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Lake Sharpe walleye looking sharp  at Cabela's

Lake Sharpe walleye looking sharp

Author: Frank Ross

Lake Oahe near Pierre, SD has long been a favorite location for walleye anglers, but the big reservoir may be taking a back seat to Lake Sharpe as this fishery comes into its own.

Kevin Forsch with a 31-inch Lake Sharpe walleye.
This summer, June 23-24, 250 teams of walleye anglers will be probing the waters of Lake Sharpe, looking for the first-place basket in Cabela's National Team Championship.

This year's NTC will launch a field of very competitive teams sifted from nearly 65,000 anglers who participated in 46 qualifier associations. At least 30 states will be represented. What they find on their arrival should be very encouraging, according to local walleye angler Kevin Forsch.

Forsch is a man who has been around enough top-flight fisheries to know what he's talking about. Forsch, in his capacity as senior adviser to South Dakota Gov. Mike Rounds, also knows how to measure his words. According to Forsch, Sharpe is excellent walleye water and is getting better each year. This spring he has limited out on most trips and recently boated a 31" monster.

"I've been to Erie and caught one about this length, but this is the biggest post-spawn female I've ever caught. Right now Sharpe is getting close to Oahe and Erie, but the numbers of really healthy fish in Sharpe is incredible," he said.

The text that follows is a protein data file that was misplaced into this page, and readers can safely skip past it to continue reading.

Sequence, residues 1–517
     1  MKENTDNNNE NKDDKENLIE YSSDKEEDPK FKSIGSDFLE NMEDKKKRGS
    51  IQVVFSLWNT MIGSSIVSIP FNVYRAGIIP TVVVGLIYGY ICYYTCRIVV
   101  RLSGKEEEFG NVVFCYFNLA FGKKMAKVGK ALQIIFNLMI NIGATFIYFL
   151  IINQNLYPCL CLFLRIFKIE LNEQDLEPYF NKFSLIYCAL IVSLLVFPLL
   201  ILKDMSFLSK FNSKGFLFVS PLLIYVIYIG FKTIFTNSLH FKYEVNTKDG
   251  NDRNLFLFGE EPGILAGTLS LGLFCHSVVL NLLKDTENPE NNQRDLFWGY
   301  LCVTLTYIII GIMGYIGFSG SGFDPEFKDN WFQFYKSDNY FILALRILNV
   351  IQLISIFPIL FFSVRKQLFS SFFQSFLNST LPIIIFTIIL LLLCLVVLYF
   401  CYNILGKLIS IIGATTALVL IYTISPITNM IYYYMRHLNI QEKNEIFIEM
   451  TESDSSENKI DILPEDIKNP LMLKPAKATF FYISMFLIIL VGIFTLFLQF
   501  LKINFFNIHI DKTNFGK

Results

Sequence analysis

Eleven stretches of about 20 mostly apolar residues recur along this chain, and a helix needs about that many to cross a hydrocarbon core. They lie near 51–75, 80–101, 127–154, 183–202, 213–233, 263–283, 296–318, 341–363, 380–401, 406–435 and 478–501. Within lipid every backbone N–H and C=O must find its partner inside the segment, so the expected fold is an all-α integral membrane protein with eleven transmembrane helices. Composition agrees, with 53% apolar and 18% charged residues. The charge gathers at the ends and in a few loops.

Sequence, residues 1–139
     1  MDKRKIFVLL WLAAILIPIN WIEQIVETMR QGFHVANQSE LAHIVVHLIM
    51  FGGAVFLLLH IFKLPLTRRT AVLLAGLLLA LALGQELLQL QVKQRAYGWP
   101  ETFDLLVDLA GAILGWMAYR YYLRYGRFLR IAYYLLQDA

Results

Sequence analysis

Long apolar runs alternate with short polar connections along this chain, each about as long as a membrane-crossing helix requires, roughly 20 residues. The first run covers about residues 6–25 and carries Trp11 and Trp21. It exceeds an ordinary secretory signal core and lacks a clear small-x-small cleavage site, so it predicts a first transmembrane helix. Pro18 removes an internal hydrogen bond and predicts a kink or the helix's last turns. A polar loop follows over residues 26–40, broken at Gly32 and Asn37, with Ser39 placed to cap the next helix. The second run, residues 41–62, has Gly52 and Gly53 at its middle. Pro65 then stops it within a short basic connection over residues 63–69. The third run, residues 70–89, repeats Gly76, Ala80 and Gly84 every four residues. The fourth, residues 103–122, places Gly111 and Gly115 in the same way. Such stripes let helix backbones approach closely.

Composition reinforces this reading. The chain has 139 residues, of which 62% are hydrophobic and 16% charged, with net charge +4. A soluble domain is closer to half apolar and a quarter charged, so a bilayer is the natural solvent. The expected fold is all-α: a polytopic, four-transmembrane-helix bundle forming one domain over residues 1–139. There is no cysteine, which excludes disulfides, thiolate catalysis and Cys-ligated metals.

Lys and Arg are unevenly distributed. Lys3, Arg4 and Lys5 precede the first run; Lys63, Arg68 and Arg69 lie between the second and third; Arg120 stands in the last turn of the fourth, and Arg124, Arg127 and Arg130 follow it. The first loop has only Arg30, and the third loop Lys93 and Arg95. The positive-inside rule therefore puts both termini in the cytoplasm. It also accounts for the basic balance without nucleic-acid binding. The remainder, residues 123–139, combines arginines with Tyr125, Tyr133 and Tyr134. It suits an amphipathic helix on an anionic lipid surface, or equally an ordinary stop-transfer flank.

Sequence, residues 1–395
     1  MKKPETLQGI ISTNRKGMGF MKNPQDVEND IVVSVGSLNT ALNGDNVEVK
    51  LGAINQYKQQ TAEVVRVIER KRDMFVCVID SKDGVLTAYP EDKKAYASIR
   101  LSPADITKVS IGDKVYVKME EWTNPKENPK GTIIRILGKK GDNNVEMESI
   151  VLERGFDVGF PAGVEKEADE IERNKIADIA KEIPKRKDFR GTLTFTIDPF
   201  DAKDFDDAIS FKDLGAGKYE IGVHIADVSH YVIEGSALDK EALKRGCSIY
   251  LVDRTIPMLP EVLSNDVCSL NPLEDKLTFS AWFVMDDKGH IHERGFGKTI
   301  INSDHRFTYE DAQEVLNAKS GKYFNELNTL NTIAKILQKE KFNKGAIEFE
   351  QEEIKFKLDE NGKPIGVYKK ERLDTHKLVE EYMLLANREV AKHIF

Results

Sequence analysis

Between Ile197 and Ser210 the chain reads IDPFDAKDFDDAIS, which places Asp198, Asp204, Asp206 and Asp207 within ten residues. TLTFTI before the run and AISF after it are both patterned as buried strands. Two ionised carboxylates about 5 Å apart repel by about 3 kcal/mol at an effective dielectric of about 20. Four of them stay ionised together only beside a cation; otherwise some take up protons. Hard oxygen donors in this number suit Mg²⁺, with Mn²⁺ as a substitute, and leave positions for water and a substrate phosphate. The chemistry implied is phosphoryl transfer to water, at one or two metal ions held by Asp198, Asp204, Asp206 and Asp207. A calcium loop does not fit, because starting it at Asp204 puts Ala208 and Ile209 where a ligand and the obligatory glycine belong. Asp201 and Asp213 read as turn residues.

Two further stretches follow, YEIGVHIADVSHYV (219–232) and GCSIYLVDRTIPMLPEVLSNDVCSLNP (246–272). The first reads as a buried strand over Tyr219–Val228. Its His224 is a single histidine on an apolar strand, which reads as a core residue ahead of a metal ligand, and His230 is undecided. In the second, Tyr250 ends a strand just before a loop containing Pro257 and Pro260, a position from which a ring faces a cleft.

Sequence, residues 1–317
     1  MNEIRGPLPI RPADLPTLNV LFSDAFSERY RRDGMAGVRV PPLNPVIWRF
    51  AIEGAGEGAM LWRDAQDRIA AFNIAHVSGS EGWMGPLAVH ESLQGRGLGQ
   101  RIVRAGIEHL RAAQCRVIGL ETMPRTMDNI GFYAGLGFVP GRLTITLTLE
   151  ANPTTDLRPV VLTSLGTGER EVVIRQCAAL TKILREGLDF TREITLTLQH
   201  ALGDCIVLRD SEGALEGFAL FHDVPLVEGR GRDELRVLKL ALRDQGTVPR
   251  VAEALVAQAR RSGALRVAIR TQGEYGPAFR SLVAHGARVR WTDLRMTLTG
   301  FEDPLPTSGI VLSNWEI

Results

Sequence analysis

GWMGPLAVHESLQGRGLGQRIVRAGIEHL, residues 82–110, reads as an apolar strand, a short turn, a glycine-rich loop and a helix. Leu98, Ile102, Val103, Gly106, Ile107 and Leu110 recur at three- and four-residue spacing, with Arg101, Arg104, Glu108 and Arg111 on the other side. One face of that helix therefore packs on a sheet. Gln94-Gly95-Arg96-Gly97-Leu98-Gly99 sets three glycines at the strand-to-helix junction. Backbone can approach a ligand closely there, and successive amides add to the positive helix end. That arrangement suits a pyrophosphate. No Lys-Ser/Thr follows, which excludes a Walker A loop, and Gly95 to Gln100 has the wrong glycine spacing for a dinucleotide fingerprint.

Forsch has been fishing the upper portion of the "lake" from the dam to about six to seven miles downstream. Lake Sharpe is really an impounded river that is called a lake. Its boundaries run from the turbulence of the tailrace below the Oahe dam 80 miles south to the Fort Thompson dam, 22 miles north of Chamberlain. Lake Sharpe has 200 miles of shoreline, any part of which can hold a school of fat walleye.

Typically the northern end of the lake is hottest in the spring and the bite moves south as the season progresses. In June the bite will be most active in the deeper holes about 20 miles south, in the Joe Creek and West Bend ramp area.

"We've been working shallow flats, pitching in water 2 to 3 feet deep, using really light jigs tipped with minnows and working them very slowly back to a 3- to 4-foot dropoff. We're using Cabela's 1/8-oz. jigs and 4-lb-test line. We've been using a plain firetiger or pink and white and sometimes a 1/2-body fuzzy grub, all of them tipped with a minnow. Also, I'm using my brand new Cabela's XML Ti 663 with the Cabela's 2500 tournament ZX reel. The XML in 6-1/2 to 7 feet is so sensitive, and that's what you need for this delicate presentation. You pitch the jigs shallow and work it back so slowly! I just got it in April from the store in Mitchell, and man have I caught a bunch of fish!" he said.

"Look for areas below the dam that have some current, but not heavy current, not the really rough rapids that you find near the spillway, just good spawning areas. Downriver for about 10 miles you'll find a number of spots where islands and sandbars make staging areas. The males stage up on the top of sand bars and the big females move up from the deeper areas. Also, look for remote areas out of the boat traffic. There is a lot of traffic up and down the lake and boat traffic will push the fish out," he said.

"This year the Game and Fish Department made some changes, and they always take some heat when they make a change, but I've talked with the biologists and they make an excellent point. There is somewhere around 50 to 60 miles of shoreline downriver. The majority of the pressure is on an area that is about 1/5-1/6 of the lake's entire spawning area. That means that 70 to 80% of the fishery's spawning areas aren't being affected. The fish on the northern end are just being targeted because it's closest to all of the facilities like boat ramps and motels. We've made some amazing catches of 17- to 19-inch fish during the month of April," he said.